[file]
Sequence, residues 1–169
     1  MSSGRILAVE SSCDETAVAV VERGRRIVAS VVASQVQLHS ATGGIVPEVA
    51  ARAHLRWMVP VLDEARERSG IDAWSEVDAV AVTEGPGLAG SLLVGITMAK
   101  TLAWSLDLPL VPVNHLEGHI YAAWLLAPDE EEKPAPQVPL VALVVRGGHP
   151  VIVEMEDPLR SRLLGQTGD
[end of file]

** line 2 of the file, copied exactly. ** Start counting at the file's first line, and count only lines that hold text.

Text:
     1  MSSGRILAVE SSCDETAVAV VERGRRIVAS VVASQVQLHS ATGGIVPEVA